The Common Review ceased as a print publication with the Fall/Winter 2011 issue. However, we will be posting a series of ten new articles on this site over the next couple of months, at approximately 1-week intervals. We trust that you will find these articles interesting, provocative, and equal in quality to the high standards set by The Common Review during its ten-year run.



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    Picking the Wrong Witch

    By  Richard Byrne

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    Dubravka Ugrešić Creates Exquisite Art from the Pain of War and Exile


    Once upon a time there was a magical empire of letters called Central Europe. Its borders were fuzzy but recognizable. Vienna was its capital. The receding Ottoman Empire provided more of its territory. It was a place that existed largely in cafés and castles, train stations and brothels. The empire’s writers found inspiration in the uneasy play of imperialism, capitalism, and burgeoning nationalism in its borders. Psychoanalysis and Marxism and Zionism overlapped and clashed and conspired, depending on whom you asked. Austria’s defeat in the First World War did not end that empire— far from it. The new states formed after Versailles solidified and expanded its reach. The sustained and vicious assault of Nazism could not eradicate it, either. Many of its leading lights survived even that horror, through Holocaust and exile, to find themselves at the front lines of the Cold War, their fame fanned by the exigencies of dissidence and samizdat.

    Dubravka Ugrešić, daughter of a Croatian father and a Bulgarian mother, was born into that Central Europe in 1949. It was a literary empire built by the likes of Franz Kafka, Jaroslav Hašek, Robert Musil, and Karl Kraus, and its expansion had writers from Yugoslavia—Miroslav Krleža, Ivo Andrić, and Meša Selimović—busy discovering new vistas.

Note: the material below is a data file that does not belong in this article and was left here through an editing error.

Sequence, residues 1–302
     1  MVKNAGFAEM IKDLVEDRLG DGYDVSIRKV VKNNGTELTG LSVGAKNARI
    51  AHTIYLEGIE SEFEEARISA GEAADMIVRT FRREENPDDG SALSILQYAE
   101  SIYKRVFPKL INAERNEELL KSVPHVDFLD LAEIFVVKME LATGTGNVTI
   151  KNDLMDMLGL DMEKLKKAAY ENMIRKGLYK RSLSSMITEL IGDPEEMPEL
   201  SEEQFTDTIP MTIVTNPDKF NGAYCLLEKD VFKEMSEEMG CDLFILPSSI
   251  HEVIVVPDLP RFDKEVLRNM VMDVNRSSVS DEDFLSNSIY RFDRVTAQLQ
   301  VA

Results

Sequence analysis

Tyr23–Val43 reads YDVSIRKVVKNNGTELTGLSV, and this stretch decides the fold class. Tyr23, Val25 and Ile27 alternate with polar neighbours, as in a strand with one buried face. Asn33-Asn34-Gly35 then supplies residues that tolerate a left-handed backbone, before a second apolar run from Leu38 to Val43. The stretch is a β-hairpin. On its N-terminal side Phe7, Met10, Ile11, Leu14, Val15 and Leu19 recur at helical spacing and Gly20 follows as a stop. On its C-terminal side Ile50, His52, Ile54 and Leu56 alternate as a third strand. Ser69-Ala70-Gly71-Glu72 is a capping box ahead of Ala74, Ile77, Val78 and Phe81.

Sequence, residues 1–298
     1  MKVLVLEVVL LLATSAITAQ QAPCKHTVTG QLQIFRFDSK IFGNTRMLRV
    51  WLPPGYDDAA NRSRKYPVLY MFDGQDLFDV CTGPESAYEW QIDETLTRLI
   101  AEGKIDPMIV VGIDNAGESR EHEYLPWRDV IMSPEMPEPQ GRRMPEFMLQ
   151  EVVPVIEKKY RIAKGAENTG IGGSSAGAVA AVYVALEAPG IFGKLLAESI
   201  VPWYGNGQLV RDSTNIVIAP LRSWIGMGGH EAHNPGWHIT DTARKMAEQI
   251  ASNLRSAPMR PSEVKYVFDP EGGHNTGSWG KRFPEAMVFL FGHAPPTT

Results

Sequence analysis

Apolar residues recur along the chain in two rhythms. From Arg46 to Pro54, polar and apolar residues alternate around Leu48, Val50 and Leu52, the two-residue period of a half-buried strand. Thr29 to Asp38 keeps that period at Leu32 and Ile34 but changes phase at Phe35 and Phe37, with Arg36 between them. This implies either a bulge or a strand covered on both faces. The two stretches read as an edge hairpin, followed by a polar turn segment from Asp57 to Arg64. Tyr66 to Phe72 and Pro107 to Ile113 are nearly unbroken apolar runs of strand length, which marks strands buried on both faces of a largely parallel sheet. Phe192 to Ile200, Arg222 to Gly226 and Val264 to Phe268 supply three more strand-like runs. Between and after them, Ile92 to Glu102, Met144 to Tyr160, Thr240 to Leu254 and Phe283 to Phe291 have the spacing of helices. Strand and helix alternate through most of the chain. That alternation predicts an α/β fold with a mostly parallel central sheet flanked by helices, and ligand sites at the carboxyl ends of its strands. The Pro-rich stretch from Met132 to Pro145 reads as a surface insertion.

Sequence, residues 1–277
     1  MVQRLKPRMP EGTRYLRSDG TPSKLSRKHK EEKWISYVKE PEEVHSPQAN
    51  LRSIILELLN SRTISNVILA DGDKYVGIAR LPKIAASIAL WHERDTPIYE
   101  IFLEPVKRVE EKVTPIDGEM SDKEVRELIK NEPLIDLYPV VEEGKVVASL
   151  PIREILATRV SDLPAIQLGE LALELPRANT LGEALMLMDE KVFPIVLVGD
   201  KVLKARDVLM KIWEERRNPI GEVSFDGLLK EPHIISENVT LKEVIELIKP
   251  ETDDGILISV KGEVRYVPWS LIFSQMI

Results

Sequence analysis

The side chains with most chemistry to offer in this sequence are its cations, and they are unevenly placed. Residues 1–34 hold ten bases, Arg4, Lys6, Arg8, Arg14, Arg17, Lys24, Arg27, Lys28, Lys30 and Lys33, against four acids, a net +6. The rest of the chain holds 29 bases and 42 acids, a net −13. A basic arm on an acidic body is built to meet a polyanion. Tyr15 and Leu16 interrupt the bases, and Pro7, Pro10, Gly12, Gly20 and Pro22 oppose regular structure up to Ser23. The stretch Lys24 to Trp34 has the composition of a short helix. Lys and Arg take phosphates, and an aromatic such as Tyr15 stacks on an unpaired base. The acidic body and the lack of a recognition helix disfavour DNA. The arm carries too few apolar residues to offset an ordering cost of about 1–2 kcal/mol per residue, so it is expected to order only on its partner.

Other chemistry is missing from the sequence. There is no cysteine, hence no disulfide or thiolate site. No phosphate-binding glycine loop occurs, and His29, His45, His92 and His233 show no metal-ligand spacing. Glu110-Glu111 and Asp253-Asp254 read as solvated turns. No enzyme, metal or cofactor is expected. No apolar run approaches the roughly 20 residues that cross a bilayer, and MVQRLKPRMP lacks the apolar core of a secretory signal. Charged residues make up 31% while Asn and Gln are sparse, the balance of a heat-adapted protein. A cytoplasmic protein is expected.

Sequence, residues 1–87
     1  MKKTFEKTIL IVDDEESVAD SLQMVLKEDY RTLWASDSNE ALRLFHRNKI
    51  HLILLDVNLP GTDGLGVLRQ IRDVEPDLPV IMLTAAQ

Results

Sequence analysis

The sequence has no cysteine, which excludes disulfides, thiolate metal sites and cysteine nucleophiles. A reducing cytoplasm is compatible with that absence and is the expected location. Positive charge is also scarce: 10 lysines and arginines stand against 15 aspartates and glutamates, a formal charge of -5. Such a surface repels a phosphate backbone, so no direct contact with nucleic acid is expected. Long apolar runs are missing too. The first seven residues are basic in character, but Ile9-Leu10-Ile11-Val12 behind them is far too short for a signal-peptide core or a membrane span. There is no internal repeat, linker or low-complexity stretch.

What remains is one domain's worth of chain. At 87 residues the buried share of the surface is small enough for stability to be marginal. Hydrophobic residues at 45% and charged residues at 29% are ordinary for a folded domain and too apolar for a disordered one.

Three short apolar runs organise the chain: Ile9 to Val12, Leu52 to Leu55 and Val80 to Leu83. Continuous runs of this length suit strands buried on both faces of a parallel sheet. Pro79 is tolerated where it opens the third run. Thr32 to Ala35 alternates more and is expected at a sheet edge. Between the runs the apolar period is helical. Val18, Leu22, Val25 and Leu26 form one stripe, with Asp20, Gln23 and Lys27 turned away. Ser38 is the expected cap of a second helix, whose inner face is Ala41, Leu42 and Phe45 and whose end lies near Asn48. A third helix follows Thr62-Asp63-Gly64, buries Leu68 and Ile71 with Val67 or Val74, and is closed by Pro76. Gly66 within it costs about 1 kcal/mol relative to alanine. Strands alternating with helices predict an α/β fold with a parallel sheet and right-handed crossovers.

But that Central Europe, which survived two wars, did not survive a third—the Cold War that ended with the fall of the Berlin Wall. Ironically, the greatest writers of the empire when it finally disappeared—Václav Havel and Danilo Kiš—were outsized figures in events that led to its vanishing. Central Europe’s end, though sad, was largely peaceful—the empire itself dissolving fizzily in the great political and economic scramble westward to the European Union and NATO. The difference that was dissidence was erased. Central Europe’s writers found themselves the wards of small nations competing in the larger European marketplace. But in the former Yugloslavia, Ugrešić’s neighborhood, the empire collapsed in a spasm of blood and fire. Many of her fellow writers sought protection by dividing themselves into competing camps. But Ugrešić did not join a pack. She stood aloof at first, and then ran off to the woods, shouting aloud about the perfidy and terror of it all. By doing so, she became so strange and powerful that those whom she would not join branded her a witch. Ugrešić and four other women writers were attacked in a prominent Croatian newspaper as “unpatriotic” and as “witches,” and the novelist found herself ostracized and isolated in a newly independent country that she never wanted to live in—cast into exile.

    These attacks on Ugrešić made her more powerful still. She is now the most prominent living writer from the Balkans, and she has created an astonishing body of work over more than two decades. Her writing attacks the savage stupidities of war, punctures the macho heroism that surrounds it, and plumbs the depths of the pain and pathos of exile.

    Many American readers were introduced to Ugrešić’s work when in 2003 Dalkey Archive Press published Thank You for Not Reading, her collection of sharp and persistently Eeyoreish essays on literary culture. Ugrešić’s other feuilletons and essays written for newspapers— collected in Have a Nice Day (2002) and Nobody’s Home (2008)—were the seeds of key elements of her two unblinking novels of exile, The Museum of Unconditional Surrender (1996) and The Ministry of Pain (2005). Ugrešić’s work is particularly sharp in tracing the cultural currents—large and small, political and economic—that shrink the writer’s influence and moral authority. In “Glossary,” the coda to her searing collection of personal essays about the death of Yugoslavia, The Culture of Lies (1998), Ugrešić succinctly lays out her principles in bursts of short definitions of phrases such as “a nation’s writer” and “witches”: